Promotion of peace and security in the East African Community (EAC)
Title: Promotion of peace and security in the East African Community (EAC)
Commissioned by: German Federal Ministry for Economic Cooperation and Development (BMZ)
Country: Burundi, Kenya, Rwanda, Tanzania, Uganda
Lead executing agency: Secretariat of the East African Community (EAC) with headquarters in Arusha, Tanzania
Overall term: 2009 to 2014
GIZ has been supporting the regional integration process in East Africa ever since the revival of the East African Community (EAC) in 1996. The EAC aims to achieve prosperity, competitiveness, security, stability and political unification in East Africa. The partner countries – Kenya, Uganda, Tanzania, Rwanda and Burundi – aim to create a political federation that would expand and reinforce economic, political, social and cultural integration. People's quality of life is to be improved through increased security, greater competitive capacity, value added, trade and investment.
The EAC has recognised that economic integration can succeed only if peace, stability and security are established throughout the region. It therefore focuses its efforts on crisis prevention, conflict resolution, small arms and light weapons control, and the promotion of good governance. These efforts are being hindered, however, by weak institutional structures within the EAC secretariat, including in particular, the lack of a Directorate for Peace and Security and inadequate implementation of regional strategies and standards within the partner countries.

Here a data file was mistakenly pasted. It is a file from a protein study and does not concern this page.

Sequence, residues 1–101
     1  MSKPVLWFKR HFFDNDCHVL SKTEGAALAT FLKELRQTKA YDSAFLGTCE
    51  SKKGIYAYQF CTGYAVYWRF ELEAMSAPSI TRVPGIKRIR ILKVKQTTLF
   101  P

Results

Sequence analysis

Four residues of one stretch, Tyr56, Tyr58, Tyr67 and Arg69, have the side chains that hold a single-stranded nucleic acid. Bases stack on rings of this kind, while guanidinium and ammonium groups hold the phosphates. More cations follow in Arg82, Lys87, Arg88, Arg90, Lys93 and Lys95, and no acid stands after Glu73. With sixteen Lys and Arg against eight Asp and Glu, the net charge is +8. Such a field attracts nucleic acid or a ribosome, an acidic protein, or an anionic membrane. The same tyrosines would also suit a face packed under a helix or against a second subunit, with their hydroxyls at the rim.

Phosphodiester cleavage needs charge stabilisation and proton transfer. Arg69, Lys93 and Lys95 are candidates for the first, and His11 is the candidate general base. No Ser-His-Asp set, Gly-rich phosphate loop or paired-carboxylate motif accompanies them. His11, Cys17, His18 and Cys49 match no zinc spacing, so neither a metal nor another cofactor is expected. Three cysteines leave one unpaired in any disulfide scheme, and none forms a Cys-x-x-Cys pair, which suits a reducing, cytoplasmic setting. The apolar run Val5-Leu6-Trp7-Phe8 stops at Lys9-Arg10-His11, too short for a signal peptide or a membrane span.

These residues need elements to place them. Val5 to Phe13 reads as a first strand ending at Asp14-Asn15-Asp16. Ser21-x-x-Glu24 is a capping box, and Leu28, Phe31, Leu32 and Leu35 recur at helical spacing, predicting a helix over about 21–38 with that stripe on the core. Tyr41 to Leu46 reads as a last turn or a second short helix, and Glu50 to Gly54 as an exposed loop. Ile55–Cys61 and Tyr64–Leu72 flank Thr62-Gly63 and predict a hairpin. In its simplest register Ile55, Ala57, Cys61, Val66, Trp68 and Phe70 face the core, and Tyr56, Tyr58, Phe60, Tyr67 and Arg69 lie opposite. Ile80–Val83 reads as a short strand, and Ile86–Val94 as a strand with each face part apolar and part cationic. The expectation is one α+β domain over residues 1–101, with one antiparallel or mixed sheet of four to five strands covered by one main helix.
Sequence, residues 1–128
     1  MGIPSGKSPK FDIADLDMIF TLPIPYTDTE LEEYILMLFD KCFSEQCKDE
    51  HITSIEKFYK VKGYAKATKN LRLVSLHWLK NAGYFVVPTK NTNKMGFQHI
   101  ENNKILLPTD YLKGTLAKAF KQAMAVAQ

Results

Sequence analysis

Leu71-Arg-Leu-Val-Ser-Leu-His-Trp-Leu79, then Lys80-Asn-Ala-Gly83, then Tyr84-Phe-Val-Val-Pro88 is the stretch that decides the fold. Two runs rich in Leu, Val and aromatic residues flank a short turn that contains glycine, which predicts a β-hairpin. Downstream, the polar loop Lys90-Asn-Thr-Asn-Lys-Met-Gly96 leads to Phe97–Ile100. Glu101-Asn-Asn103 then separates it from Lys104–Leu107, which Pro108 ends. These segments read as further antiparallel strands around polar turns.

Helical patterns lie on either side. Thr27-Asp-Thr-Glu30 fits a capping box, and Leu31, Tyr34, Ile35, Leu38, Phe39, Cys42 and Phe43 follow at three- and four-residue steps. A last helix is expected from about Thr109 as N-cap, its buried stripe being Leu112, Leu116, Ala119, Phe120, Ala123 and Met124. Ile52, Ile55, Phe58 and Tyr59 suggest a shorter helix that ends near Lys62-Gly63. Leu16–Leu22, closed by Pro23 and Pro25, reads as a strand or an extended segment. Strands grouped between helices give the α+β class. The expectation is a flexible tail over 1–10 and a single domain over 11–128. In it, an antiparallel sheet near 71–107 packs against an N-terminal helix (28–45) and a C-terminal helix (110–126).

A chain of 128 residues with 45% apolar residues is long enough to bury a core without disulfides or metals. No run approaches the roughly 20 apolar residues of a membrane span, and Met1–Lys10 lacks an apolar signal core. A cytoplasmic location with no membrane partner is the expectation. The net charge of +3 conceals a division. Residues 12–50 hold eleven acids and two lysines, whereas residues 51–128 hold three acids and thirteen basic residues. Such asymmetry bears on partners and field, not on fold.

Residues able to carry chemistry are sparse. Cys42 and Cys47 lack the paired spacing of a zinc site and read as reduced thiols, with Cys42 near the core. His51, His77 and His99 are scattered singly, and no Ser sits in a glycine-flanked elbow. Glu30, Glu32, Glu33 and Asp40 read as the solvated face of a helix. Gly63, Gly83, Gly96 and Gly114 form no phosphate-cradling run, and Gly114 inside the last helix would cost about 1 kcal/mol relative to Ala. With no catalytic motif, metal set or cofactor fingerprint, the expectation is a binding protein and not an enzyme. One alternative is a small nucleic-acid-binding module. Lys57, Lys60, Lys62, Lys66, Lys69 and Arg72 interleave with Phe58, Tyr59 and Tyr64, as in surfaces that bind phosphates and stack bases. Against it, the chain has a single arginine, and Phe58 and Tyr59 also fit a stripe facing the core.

The EAC Secretariat is in a good position to unite the partner countries in implementing joint activities to achieve peace and security and provide support for implementing these activities.
The programme combines technical and political advisory services to the EAC Secretariat on organisational development and management consulting. This strengthening of interaction and collaboration between the regional and national levels as well as among regional organisations is essential for establishing a coherent regional structure for peace and security. The programme helps to implement the goals listed in the EAC treaty in the areas of peace, security and good governance and to implement the regional strategy for peace and security, thus fostering political integration.
The programme's target group is the inhabitants in EAC member countries. Women, children and minorities generally suffer particularly from the impact of armed conflict and insecurity. Quelling violent conflict and promoting good governance are of particular benefit to them.
The component ‘Small arms and light weapons control in East Africa’ was completed in December 2012. The measure is now concentrating on support for the new EAC Directorate for Peace and Security to be established after the signing of the EAC Protocol for Peace and Security in February 2013. The programme is being implemented in close cooperation with another priority programme: 'Promotion of the EAC Integration Process'.
Results achieved so far
With German support, the issue of light weapons control has achieved a prominent position on the regional political agenda. Within the four regional organisations that focus on peace and security – the East African Community (EAC), the Common Market for Eastern and Southern Africa (COMESA), the Intergovernmental Authority on Development (IGAD), and the Indian Ocean Commission (IOC) – the EAC has assumed a leading role in policy and strategy development for controlling light weapons.
The following results have therefore been achieved so far:
- In cooperation with the Regional Centre for Small Arms (RECSA) (with headquarters in Nairobi), military and police weapons are being marked and registered throughout the five partner countries.
- The partner countries are receiving direct support for controlling light weapons according to the guidelines of the 2002 Nairobi Protocol.
- All of the national plans for light weapons control include gender mainstreaming components and are designed to promote participation by civil society.